Rocky Linux is a Linux distribution that is a 100% compatible rebuild of Red Hat Enterprise Linux (RHEL). Rocky Linux is maintained by the Rocky Linux Foundation.
Rocky Linux is now very popular both with individuals and large organizations and considered an unofficial successor of CentOS Linux.
In this article, we’ll try to give you an overview of Rocky Linux and what you need to know about it.
Table of Contents
Why Rocky Linux Was Created
In September 2019, RedHat announced CentOS Stream, an upstream development platform designed for CentOS. In December 8, 2020, CentOS and RedHat announced the end-of-life (EOL) for CentOS Linux and they also said others to shift focus to the CentOS Stream project.
This shift, from a stable operating system to a rolling release stream, left many organizations without a Linux distribution that fulfils their needs.
In response, original founder of CentOS, Gregory Kurtzer, announced via a comment on the announcement blog post on CentOS website that he would again start a project to achieve the original goals of CentOS. Later he said in press release, “In response to this unexpected shift, I am proud to announce the launch of a new project, Rocky Linux, in honor of my late CentOS co-founder Rocky McGough“.
Initially it was a GitHub Project, but gradually it is being enriched by lots of open source contributor and developers and by December, the repository of Rocky Linux had become one of the top-trending repositories on GitHub.
As CentOS Stream can’t be a replacement of CentOS and there is in need of Linux based operating stable system like CentOS, many new distros have been released.
Of them, Rocky Linux is among the highest trending and provides almost same features and stability as RHEL provides.
History of Rocky Linux
On April 30, 2021, the first release of Rocky Linux was officially released. The second release of version 8.4, the last before the stable release, was released on June 4, 2021. On June 21, 2021, the stable release of Rocky Linux 8.4 was released, with the code name “Green Obsidian“. Currently on May 16, 2022, Rocky Linux 8.6 is released.
As Rocky Linux is a downstream rebuild of RHEL 8 and aligns with the RHEL 8 life cycle, Rocky Linux 8’s planned EOL is May 31, 2029.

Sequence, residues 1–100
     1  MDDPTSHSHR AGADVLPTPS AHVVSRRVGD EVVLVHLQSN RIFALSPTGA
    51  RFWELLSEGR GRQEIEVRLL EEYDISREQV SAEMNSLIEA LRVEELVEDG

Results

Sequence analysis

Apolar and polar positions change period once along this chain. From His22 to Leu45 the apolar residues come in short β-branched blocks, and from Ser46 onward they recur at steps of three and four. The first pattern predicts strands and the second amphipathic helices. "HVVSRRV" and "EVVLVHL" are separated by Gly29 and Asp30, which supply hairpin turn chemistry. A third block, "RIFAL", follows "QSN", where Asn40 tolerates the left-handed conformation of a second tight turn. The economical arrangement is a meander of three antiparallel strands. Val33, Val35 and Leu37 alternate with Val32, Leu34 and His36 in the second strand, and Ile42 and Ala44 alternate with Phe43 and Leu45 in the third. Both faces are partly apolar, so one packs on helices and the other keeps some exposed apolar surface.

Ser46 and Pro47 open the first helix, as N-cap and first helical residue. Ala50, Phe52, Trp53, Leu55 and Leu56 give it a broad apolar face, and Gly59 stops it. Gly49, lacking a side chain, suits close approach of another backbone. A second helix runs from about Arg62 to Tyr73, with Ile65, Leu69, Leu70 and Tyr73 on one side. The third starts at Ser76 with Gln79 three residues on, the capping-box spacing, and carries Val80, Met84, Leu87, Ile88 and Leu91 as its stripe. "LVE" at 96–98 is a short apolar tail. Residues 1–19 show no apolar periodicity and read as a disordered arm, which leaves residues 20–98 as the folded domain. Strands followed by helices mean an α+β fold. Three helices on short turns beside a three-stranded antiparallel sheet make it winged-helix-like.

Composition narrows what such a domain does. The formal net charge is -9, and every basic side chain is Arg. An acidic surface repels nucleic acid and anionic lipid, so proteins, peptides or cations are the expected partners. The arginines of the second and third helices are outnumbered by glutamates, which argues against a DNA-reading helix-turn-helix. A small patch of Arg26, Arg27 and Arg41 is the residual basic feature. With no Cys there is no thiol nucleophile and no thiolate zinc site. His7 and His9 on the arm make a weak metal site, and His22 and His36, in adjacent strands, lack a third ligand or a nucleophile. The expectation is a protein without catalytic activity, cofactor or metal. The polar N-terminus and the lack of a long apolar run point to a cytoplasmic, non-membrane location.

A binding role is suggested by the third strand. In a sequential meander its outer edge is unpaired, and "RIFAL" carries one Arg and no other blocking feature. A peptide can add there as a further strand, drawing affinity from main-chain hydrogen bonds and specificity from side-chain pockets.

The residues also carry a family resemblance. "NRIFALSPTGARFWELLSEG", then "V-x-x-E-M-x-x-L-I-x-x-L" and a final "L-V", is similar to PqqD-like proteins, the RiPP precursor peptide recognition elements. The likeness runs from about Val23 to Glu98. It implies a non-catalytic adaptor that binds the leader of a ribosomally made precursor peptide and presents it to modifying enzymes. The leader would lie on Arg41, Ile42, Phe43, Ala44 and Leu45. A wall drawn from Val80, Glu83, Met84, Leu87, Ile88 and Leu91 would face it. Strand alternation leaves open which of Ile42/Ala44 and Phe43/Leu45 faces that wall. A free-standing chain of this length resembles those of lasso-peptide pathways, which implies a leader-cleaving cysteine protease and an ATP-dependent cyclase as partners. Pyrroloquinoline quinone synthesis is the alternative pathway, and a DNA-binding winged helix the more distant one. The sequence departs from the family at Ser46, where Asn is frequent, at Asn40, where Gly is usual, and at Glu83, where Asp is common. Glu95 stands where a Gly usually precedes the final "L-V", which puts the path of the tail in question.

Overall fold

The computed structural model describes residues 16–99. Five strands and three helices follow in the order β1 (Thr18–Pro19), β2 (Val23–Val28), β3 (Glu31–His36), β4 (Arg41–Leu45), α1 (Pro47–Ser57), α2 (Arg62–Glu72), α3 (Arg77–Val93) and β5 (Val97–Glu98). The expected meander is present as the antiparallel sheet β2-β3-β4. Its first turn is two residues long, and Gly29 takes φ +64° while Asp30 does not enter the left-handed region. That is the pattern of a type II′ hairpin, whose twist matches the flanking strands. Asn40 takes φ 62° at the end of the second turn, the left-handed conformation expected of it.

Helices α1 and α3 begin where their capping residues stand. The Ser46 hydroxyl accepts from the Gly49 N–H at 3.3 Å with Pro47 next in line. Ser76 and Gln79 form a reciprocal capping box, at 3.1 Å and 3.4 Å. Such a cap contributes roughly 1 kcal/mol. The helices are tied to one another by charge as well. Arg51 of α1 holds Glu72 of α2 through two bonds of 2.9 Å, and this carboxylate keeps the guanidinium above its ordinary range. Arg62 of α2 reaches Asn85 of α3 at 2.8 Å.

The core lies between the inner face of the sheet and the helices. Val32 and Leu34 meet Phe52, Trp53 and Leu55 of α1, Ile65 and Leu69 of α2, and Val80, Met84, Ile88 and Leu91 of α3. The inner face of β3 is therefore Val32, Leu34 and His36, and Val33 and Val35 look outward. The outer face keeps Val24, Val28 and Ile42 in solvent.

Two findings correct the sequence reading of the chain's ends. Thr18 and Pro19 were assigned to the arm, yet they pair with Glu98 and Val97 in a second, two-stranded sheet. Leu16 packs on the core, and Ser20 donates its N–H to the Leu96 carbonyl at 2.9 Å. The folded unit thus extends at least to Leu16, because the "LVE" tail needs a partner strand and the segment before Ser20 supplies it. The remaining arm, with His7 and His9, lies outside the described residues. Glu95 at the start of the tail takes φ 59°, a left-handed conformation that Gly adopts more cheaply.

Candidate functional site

Features and Why Use Rocky Linux
The main attraction Rocky has drawn is that it is founded and created by one of the co-founders of CentOS. He is the pioneer for the popularity of CentOS, and he knows exactly what the market wants now after what happened with CentOS and CentOS stream.
With many previous developer of CentOS along with open source contributor, everyone thinks and believes that they can really provide a good product worthy of carrying CentOS’s baton.
Likely so, Rocky is providing the stability as of CentOS. As of downstream of RHEL, it tracks and follows the stable release of RHEL and provides binary compatibility of RHEL.
The migration from other Linux distros like CentOS are relatively easy as Rocky provides migration tools and scripts.
Another thing is the lesson that we all have learned from the whole CentOS and RedHat scenario. So now Rocky has promised to stay always an open source Linux distribution. The Rocky Linux project has spent a lot of time deciding and formalizing its internal structure, governance, policy, clauses etc.
As of RESF, the Rocky Linux FAQ says “Rocky Linux will never be controlled, purchased, or otherwise influenced by a single entity or organization“.
For now, Rocky Linux has gained immense buzz and the community is supporting them a lot. I think the future is amazingly bright for Rocky as many companies are adopting to Rocky now.
The features, performance, stability all of them are almost same as of RHEL as it is based on RHEL’s stable source code.
If you are dependent on CentOS and don’t want to pay for RHEL, you could easily consider Rocky Linux as a replacement of CentOS and can migrate from CentOS to Rocky Linux.
Just keep in mind that they are relatively a new OS in market, so it will take time to reach the height of CentOS.
The installation is similar to CentOS/RHEL and pretty much every other Linux installation program. ISO images are available for both x86-64 and ARM, and for each architecture, there are “Minimal“, “DVD“, and “Boot” options with “torrent” and “checksum”. The minimal of 8.6 is about 2.11 GB.
After proper installation and logging, you will get a familiar GNOME desktop screen as of RHEL as shown above. For being an exact copy of RHEL, you will get all the flavors RHEL provides.
Rocky Linux Support
There are different types of support for Rocky Linux.
Official support is offered by CIQ, a company founded and owned by Mr. Kurtzer.
Community support is also available from people who are intimately involved with Rocky Linux, but the RESF has stated that anybody can provide support for Rocky Linux.
Moreover, as Google Cloud is a major sponsor of Rocky Linux, their customers can leverage Google’s support to get help for Rocky Linux. CIQ experts and Google Cloud’s support teams unite to address issues and provide enterprise-grade support regarding Rocky Linux.
In this article, we’ve just shared necessary information related to Rocky Linux. Different people have different opinion about which distro to prefer, in context of server or workstation.
Companies and users who rely on a reliable, user-friendly, and a free Linux version, can easily give it a try. If you have any feedback or anything to add please feel free to leave a comment.